I have had a lifelong love affair of many of New Jersey’s wild places.  One of the most densely populated states in the nation, hardly thought of as being home to "the wild", New Jersey is a remarkable state with  species of flora and fauna, and beautiful land and seascapes.  The Pinelands hold a special place in my heart.  When I decided to start making the Pinelands a regular destination, it was with the idea of seeing the home and context of many of the plants that homeopathic remedies are made from. I have not been disappointed. The uniqueness of the Pinelands bogs, streams, plant and animal life fills me with a sense of wonder.  Over the years I have shared my interest in the Pine Barrens with  a number of  people, to find that many of them had no idea of the existence, no less the expanse, diversity or importance of this special place.    

The Pinelands are protected  by Governor Brendan Byrne's executive order of 1979,  The Pinelands Protection Act, which was largely inspired by John McPhee's book 'The Pine Barrens'.  Continuous attempts by commercial interests  over the years to build within the Pine Barrens and by so doing threaten its existence, as we know it, serves as a constant reminder for us to stay vigilant and insure that this very special and vulnerable land does not fall into the hands of those who value commerce over its preservation.

 So, with a number of printed field guides in my backpack and the studies of a number of Pineland's naturalists and botanists, past and present, in my notebooks, I invite you to put on your virtual hiking boots, join me and prepare yourself  to become as passionate as I am about a true treasure, The New Jersey Pinelands . 

Photo on left is the male plant.
Photo on the right is the female plant.
Photographs by Lynn Cremona

Chamaelirium luteum
old Latin names: Helonias dioica, and Veratrum luteum
Common names - Colicwort, Blazing-Star, Devil's Bit, False Unicorn, Fairy Wand, Angel's Wand

It is included in the USDA Threatened And Endangered Plant List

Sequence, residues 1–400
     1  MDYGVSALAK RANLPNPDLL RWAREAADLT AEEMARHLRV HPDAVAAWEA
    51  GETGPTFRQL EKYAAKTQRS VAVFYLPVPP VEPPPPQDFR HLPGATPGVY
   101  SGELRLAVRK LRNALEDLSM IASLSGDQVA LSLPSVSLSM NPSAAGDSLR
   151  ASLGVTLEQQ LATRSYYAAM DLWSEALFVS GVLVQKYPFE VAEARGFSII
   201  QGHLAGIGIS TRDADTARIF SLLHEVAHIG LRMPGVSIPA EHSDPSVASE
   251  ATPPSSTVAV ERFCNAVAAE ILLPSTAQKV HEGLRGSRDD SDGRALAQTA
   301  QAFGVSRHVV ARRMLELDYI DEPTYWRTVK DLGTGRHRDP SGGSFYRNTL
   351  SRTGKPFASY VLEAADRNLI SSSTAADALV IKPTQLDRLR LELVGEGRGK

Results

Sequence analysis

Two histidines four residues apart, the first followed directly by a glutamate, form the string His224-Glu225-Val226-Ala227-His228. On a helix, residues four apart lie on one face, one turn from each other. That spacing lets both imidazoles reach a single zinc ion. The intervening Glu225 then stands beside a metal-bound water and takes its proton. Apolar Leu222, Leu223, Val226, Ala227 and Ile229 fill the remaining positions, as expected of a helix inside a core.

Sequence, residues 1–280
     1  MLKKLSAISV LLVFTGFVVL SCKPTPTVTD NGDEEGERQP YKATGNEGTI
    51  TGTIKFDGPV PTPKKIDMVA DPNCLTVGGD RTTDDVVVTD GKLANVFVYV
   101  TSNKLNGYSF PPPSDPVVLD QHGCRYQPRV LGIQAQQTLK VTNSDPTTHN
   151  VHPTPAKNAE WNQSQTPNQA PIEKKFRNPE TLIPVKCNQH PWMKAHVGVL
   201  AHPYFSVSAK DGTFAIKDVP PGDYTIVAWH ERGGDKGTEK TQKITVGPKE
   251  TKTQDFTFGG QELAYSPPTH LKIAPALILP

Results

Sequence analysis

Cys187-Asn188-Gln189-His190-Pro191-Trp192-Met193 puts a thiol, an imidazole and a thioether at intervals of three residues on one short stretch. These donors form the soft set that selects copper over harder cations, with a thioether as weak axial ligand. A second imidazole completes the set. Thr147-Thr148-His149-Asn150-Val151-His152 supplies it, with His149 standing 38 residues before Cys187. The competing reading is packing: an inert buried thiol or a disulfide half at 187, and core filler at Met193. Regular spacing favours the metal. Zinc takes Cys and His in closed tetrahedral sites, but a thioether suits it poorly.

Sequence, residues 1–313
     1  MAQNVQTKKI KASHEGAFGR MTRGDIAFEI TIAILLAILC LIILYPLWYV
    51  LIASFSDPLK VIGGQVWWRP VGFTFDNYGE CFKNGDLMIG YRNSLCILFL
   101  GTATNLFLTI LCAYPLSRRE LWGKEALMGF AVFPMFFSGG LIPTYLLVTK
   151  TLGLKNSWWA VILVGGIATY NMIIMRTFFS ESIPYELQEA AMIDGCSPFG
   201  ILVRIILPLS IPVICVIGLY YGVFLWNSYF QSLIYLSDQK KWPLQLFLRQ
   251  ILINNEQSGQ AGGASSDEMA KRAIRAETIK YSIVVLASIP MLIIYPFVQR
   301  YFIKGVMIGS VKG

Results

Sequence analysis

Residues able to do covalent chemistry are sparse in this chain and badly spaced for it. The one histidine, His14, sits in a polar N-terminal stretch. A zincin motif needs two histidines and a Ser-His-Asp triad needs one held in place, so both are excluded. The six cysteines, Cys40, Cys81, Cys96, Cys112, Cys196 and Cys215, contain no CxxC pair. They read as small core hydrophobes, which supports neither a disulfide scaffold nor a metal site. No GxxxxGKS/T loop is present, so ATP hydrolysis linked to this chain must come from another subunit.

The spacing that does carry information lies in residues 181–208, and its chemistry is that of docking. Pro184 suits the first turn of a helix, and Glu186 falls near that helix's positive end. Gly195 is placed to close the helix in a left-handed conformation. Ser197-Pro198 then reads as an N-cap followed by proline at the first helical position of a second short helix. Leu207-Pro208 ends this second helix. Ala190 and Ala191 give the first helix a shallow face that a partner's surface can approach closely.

Flowers late May to Mid June
Basal rosette of broad light green leaves with single dioecious (meaning that it has distinct male and female flowers) 12" flowering stalk  with very small white to greenish tubular flowers.

The female plants can grow up to 4 feet tall, the males grow half that size. The longer male spike emerges first, but dies back after flowering. The female spike may last for 2-3 years.  Male plants tend to be far more numerous than female plants.

The root contains, chamealirin, a steroidal saponin and the saponins heloside. 

Legend has it that the name Devil's Bit (Morsus Diaboli) describes the root which looks like it was bitten off.  It is said the Devil, out of envy of humanity, bit it off in hopes it would no longer be of benefit for anyone. The botanical description for this kind of root that looks like it has been bitten off or terminated abruptly is a Premorse Root. Premorse from the Latin praemorsus/praemordere to bite off; prae before + mordere to bite.  There are many plants that are know by the common name Devil's Bit.  As you can see this plant is also known by a number of common names, which is why it is important to identify and differentiate plants by using their Latin names.

Native American women used C. luteum to prevent miscarriages. They also used the herb for colic, worms and fevers, and learned through experience that chewing the root would ease coughing (Charles E. Millspaugh, 1974).

Found in open areas with moderate supply of moisture, rich hardwood forests or wet meadows, bogs, thickets and open fields. A woodland perennial in the Lily Family. 

Helonias dioica is a remedy made from the root of this plant.  It is used in homeopathy predominantly for women, who are exhausted by frequent pregnancies, or miscarriages. Women with prolapse from uterine weakness with a sensitiveness expressed as a consciousness of the womb. For those worn out with hard work, sleepless with strained muscles that burn and ache, especially of the back muscles. Sensation of weakness, dragging and in the sacrum and pelvis with great languor and prostration.